Uncovering the residential construction industry’s views on timber
New research into perceptions of timber within residential construction is set to provide the forestry and wood products industry with intelligence to strengthen relationships with the design and build sector.
Huge quantities of sawn timber are used by the residential construction market, but there tends to be a lack of real understanding amongst growers and processors around builders’ views and needs. The research aimed to discover builder opinions about wood, to help realise the full potential of its use for structural and aesthetic applications.
In Australia, the largest 100 builders are responsible for the construction of more than 40 per cent of all detached homes and have the power to influence change and innovation across the residential market.
For these reasons, FWPA has established a National Residential Construction and Fit-out Program, which targets these builders to discover their views on timber and the opportunities and barriers around its use.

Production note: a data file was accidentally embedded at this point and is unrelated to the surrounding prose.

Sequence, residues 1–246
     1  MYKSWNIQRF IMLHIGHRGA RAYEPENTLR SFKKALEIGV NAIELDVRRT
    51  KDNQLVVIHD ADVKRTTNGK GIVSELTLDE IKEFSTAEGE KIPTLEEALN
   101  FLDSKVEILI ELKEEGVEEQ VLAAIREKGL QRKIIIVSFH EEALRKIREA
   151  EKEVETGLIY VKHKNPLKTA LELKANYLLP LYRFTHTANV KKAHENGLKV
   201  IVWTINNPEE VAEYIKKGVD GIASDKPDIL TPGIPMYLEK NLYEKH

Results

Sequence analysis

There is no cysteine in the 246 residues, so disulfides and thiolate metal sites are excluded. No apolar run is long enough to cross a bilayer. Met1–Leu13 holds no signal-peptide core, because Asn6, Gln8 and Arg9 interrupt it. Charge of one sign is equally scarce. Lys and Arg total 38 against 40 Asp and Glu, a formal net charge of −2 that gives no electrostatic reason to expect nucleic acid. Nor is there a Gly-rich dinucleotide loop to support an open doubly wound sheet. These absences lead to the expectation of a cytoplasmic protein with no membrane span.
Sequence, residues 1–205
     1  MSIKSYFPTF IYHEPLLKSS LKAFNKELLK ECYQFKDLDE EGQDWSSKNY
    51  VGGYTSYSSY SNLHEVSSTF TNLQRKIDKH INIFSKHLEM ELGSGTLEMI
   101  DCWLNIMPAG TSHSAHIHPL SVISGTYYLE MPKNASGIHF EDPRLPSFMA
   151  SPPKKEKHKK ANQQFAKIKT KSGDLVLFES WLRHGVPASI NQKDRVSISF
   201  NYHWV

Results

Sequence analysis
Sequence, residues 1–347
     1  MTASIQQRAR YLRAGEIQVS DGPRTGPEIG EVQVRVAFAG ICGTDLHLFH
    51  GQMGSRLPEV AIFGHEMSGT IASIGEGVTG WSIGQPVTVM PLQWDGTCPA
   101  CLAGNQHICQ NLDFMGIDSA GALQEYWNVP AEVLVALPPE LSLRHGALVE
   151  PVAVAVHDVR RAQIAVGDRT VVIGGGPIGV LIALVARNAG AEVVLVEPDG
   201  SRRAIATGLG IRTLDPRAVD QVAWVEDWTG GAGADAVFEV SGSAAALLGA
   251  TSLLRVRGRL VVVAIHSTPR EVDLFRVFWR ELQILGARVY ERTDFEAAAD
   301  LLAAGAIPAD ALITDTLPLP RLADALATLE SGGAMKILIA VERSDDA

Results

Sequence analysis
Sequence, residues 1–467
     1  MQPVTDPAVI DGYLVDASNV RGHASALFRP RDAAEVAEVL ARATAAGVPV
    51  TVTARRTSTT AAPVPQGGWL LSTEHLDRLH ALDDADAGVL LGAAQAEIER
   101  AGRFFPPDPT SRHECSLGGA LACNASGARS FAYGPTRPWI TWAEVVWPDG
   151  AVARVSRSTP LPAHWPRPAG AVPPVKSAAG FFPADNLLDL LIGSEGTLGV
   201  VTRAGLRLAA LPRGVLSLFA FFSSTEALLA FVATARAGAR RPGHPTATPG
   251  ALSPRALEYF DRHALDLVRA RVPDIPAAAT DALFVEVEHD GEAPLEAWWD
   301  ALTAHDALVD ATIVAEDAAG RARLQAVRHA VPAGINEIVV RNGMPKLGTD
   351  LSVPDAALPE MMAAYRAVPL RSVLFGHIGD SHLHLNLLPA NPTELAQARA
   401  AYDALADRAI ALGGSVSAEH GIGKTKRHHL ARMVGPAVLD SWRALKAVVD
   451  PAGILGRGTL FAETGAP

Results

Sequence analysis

Dr Alastair Woodard, National Residential Construction and Fit-out Manager at FWPA said the bulk of the participating builders were very much on board with the benefits of timber in construction and fit-out.
Many important insights were gained and the team behind the research is now analysing the information and feedback collected to present it in a way that will best suit the industry.
“A major learning from the volume build sector was the importance of price stability in the supply chain,” Woodard said.
“The volume building market is currently under pressure and is highly price sensitive. Volume builders value price stability above all else, meaning the wood products sector needs to be conscious of pricing and plan carefully for significant price variations that could drive potential customers towards more price-stable and sometimes cheaper alternatives.”
This is particularly the case with steel framing. While structural timber framing options remain cheaper, builders are happy to stick with timber. But if the price dynamic changes or the builder feels they are getting a better ‘systems package’, steel framing becomes the more attractive alternative.
“One particular learning was that uptake of steel framing is very regional. The steel industry has developed a strong foothold in the Queensland market, for example, where it is incredibly proactive in communicating its ‘system benefits’ and providing incentives for its use,” Woodard said.
Once the analysis has been completed, details will be shared with FWPA stakeholders who can use the insights to help focus their residential market activities. Findings will then be discussed with other timber products and systems groups to identify the need for any associated education or R&D projects.